Daisy Buchanan and Myrtle Wilson of The Great Gatsby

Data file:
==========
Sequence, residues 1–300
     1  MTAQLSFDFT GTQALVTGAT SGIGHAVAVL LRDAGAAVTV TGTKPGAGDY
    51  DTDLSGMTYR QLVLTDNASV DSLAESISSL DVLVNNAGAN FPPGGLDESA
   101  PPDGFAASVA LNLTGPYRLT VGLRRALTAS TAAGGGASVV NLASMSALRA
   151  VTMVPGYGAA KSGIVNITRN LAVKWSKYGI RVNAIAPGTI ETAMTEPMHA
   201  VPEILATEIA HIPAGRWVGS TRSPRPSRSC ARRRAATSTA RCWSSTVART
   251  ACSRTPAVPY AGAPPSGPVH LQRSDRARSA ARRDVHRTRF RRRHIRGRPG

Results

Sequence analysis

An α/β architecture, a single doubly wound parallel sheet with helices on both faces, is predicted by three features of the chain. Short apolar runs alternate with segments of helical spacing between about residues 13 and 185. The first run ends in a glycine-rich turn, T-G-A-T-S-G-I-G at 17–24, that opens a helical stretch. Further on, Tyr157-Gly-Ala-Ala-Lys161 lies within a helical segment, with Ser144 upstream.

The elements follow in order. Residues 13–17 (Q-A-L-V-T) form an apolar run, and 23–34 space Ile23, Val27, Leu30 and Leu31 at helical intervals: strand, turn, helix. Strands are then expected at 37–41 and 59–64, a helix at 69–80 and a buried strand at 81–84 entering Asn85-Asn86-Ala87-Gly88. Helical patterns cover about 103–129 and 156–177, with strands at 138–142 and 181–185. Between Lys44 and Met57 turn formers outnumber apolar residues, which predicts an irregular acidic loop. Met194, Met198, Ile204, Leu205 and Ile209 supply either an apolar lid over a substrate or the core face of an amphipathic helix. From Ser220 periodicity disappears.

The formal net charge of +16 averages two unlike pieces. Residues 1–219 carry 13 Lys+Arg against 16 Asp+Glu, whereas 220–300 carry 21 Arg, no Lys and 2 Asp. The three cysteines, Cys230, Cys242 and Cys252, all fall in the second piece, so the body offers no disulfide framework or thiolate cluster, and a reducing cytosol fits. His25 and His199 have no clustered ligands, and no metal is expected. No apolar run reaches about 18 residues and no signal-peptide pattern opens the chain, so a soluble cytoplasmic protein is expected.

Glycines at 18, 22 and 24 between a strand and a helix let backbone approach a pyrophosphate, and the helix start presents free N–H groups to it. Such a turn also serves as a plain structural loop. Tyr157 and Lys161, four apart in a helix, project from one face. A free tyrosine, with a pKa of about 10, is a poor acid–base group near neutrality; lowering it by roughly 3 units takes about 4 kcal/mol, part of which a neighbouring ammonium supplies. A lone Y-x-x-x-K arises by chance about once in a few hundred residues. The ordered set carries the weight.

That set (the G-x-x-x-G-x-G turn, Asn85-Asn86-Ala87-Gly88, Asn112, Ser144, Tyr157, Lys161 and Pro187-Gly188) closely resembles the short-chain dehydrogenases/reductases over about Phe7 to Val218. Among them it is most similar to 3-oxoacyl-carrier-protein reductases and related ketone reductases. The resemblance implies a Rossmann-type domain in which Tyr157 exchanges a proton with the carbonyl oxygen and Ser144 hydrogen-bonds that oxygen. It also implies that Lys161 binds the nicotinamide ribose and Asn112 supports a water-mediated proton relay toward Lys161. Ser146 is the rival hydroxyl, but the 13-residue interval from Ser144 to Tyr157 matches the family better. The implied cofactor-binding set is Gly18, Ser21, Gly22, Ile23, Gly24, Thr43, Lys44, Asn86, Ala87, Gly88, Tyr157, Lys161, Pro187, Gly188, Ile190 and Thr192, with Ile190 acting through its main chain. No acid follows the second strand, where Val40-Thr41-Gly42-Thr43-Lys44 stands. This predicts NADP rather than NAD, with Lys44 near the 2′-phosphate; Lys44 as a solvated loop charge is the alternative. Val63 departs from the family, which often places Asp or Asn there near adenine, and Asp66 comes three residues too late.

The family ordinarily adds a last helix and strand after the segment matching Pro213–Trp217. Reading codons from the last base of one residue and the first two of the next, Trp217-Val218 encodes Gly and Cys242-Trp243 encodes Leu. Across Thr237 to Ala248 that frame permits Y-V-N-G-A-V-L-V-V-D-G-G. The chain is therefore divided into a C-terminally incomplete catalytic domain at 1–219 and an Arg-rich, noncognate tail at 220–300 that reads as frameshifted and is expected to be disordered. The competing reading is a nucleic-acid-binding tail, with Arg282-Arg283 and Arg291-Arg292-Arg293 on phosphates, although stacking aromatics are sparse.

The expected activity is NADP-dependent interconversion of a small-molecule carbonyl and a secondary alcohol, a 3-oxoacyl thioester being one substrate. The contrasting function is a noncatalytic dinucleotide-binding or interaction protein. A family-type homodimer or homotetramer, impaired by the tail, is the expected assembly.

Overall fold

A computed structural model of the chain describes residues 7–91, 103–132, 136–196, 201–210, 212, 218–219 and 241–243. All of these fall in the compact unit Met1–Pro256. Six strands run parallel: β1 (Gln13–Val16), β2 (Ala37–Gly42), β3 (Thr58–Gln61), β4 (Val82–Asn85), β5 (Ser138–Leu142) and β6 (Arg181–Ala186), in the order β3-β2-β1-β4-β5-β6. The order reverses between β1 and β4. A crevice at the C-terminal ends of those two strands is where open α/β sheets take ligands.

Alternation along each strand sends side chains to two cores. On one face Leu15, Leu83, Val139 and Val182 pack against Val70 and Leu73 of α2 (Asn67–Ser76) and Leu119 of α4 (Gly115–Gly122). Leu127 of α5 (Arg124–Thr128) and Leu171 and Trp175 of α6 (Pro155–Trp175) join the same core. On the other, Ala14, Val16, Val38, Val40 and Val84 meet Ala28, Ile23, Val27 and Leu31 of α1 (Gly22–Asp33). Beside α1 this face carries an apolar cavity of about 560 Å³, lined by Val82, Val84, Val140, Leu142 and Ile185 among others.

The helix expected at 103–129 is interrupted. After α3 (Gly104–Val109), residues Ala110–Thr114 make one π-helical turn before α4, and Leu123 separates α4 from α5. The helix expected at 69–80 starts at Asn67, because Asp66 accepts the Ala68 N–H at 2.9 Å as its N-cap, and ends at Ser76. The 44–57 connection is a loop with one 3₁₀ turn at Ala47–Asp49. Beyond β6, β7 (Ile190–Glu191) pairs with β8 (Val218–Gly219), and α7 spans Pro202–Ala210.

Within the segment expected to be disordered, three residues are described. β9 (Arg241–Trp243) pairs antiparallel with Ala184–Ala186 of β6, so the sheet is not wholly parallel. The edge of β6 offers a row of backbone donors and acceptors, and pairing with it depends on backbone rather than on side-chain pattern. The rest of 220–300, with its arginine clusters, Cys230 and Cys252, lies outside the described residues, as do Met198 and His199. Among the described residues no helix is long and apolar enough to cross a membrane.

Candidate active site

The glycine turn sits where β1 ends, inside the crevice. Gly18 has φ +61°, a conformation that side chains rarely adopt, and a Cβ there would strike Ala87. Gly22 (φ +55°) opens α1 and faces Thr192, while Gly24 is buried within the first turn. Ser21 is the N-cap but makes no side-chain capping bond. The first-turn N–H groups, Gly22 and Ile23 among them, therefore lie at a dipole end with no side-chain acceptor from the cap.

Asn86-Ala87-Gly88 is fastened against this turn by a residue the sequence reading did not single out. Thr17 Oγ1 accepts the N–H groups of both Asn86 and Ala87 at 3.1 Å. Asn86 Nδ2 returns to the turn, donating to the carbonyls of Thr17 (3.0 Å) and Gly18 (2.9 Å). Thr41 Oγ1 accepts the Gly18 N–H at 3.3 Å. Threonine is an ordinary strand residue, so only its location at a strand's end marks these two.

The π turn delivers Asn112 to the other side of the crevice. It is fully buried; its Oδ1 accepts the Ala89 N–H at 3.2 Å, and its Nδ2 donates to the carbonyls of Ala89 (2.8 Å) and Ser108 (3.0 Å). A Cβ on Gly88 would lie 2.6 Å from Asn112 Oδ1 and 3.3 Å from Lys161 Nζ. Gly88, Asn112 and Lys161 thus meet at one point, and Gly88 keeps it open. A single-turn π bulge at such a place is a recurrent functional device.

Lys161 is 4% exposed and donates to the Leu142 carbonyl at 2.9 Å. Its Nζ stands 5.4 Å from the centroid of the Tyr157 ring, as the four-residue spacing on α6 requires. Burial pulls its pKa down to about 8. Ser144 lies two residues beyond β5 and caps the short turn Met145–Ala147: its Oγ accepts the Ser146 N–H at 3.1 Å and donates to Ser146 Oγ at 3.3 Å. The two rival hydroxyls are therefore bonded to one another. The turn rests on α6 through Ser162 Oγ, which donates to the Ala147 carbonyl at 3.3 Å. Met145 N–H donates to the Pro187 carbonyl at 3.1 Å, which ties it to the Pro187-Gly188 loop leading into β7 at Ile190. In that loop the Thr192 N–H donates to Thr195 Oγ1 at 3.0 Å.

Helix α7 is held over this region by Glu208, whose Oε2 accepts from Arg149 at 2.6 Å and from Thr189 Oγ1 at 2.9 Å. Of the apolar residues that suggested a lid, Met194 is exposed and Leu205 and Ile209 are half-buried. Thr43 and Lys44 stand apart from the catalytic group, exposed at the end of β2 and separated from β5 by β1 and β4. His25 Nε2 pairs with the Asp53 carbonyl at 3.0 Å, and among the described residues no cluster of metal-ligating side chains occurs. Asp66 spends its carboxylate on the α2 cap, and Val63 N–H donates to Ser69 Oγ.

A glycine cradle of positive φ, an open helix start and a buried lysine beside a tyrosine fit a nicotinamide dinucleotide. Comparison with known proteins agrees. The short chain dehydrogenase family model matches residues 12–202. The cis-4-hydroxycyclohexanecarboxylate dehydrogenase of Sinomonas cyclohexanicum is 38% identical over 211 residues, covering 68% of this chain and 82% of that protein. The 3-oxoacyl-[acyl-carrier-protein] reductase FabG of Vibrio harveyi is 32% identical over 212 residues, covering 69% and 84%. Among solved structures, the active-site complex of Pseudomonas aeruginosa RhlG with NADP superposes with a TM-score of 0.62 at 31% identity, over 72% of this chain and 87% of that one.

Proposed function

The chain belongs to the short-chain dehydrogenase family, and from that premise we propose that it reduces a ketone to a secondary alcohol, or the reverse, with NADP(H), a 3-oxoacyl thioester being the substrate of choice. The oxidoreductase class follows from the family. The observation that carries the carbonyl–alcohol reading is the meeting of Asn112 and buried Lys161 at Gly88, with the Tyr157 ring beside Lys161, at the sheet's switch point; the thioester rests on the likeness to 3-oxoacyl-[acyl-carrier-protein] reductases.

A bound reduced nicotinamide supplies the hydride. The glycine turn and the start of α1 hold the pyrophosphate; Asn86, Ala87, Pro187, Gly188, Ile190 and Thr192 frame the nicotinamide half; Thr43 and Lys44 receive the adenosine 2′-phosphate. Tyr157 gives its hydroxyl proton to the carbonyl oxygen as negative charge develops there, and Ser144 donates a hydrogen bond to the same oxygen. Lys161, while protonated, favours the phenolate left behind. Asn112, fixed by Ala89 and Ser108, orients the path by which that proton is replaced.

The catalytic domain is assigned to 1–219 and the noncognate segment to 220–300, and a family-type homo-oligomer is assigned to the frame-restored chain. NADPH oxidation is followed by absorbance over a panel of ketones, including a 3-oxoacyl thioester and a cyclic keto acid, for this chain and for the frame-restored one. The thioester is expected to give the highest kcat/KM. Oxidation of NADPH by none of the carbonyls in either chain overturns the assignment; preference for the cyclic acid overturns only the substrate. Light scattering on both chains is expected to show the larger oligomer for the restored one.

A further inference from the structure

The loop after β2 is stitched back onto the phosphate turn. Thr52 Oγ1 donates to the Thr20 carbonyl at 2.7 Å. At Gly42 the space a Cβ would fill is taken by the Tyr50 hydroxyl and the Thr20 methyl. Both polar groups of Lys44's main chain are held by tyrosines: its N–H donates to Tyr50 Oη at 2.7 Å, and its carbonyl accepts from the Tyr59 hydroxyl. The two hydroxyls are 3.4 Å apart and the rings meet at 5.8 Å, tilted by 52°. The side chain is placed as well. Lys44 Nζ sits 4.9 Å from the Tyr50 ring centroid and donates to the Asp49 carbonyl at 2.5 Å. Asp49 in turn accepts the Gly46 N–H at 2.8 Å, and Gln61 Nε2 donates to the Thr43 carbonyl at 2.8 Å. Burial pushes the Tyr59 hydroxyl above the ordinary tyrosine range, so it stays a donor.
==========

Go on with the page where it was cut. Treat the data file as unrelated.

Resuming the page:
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Daisy Buchanan and Myrtle Wilson of The Great Gatsby In the novel, The Great Gatsby, the two central women presented are Daisy Buchanan and Myrtle Wilson. These two women, although different, have similar personalities. Throughout the novel, there are instances in which the reader feels bad for and dislikes both Daisy and Myrtle. These two women portray that wealth is better than everything else, and they both base their lives on it. Also the novel shows the hardships and difficulties they have in their marriages. They are never satisfied with what they have, and are always longing for more. Daisy Buchanan is married to Tom Buchanan and cousin to Nick Carraway. During World War I, many soldiers stationed by her in Louisville, were in love with her. The man who caught her eye the most was Jay Gatsby. When he was called into war, she promised him that she would wait for him. Also that upon his return they will be married. Daisy, lonely because Gatsby was at war, met Tom Buchanan. He was smart and part of a wealthy family. When he asked her to marry him, she didn't hesitate at once, and took his offering. Here, the reader first encounters how shallow Daisy is, making her a dislikeable character. Another event that Daisy is a dislikeable character is when she did not show up to Gatsby's funeral. When Daisy and Gatsby reunite, their love for each other rekindle. She often visited Gatsby at his mansion, and they were inseparable. This led Gatsby on because he dedicated his whole life into getting Daisy back, and she had no gratitude towards it. At the hotel suite scene, Daisy reveals to all that she loves Gatsby, but then also says that she loves Tom as well. This leaves the reader at awe, because after... ... middle of paper ... ...vie, the actresses that played them actually fit the role. Women usually do not have impacts on things, but in this novel, major things happened as a result of these women. These things include dishonest marriages, love affairs, wealth, power, and jealousy. This goes to show that women are not always the innocent ones in novels, or any other type of literature. Sources Consulted Brucoli, Matthew J. Bruccoli. "Role Playing in The Great Gatsby. "http://www.sc.edu/fitzgerald/biography.html. October 18, 2002. Fitzgerald, F. Scott. The Great Gatsby. London: Penguin Books, 1990. Douglas, Ann. The Women of The Great Gatsby. New York: Farrar, Straus, and Giroux, 1995. Lewis, Roger. "Money, Love, and Aspiration in The Great Gatsby." New Essays on The Great Gatsby. Ed. Matthew J. Bruccoli. New York: Cambridge University Press, 1985. 41-57.

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